Microbial endophytes of plants play important roles in providing nutrients to hosts, adapting hosts to their environments and defending them from biotic and abiotic stresses. In my lab we are exploring diversity of endophytes and the various impacts that they have on host plants. We are working to develop use of the clavicipitalean endophytes as a model system for understanding the evolution and dynamics of defensive mutualism. The host-symbiont interface in biotrophic endophytes is another area of interest. In particular, we are interested in understanding how endophytes induce plant hosts to release nutrients. Unlike most biotrophs, most endophytes do not possess haustoria or other specialized structures for nutrient absorption; and they do not penetrate or otherwise degrade host cells. Thus the mechanism by which nutrients are extracted from hosts is a mystery. Our current hypothesis regarding nutrient extraction from host cells involves secretion of reactive oxygen species (ROS) and auxins by endophytes onto host cell walls and membranes, inducing nutrient leakage from cells.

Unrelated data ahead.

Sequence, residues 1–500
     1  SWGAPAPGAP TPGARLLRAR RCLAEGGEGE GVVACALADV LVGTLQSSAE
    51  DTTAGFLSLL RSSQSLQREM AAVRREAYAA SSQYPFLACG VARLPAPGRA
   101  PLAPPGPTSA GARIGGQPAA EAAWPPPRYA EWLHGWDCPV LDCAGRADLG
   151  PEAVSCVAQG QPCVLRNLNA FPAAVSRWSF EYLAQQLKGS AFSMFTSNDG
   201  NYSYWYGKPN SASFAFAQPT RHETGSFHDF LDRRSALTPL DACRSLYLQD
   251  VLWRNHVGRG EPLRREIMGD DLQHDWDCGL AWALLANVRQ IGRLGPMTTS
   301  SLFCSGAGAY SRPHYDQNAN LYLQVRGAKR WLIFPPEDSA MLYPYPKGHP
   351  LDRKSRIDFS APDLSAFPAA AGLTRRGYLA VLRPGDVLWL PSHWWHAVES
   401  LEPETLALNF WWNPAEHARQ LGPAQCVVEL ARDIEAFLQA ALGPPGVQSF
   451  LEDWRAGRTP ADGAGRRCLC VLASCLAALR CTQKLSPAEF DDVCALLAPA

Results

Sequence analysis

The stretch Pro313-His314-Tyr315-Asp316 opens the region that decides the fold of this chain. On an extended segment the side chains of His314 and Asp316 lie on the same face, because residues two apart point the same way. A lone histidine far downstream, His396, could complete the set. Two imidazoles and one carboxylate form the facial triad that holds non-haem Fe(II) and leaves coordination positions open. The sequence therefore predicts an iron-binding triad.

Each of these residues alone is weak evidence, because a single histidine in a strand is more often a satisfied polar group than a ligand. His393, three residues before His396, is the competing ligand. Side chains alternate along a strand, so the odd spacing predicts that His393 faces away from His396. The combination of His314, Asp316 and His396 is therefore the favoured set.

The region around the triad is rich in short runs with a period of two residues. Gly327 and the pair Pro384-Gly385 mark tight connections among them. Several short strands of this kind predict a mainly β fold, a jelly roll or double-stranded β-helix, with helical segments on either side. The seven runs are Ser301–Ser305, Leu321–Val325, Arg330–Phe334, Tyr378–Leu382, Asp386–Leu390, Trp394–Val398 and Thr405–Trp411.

In another line of investigation we are investigating how plants use symbiotic, endophytic and epiphytic, diazotrophic microbes (bacteria or cyanobacteria) as nourishment for growth in soils that are low in nutrients; and how this process may impact on stress tolerance of hosts. In this research we have identified an oxidative process that plants may employ to obtain nutrients from symbiotic microbes. We term this process 'Oxidative Nitrogen Scavenging' (ONS). We hypothesize that plants in very extreme environments and at times of rapid growth of seedlings obtain scarce nutrients such as nitrogen through the oxidation/digestion of symbiotic (diazotrophic) bacteria. We are currently evaluating how widespread the process of ONS may be in plants; and we are conducting experiments to definitively prove ONS.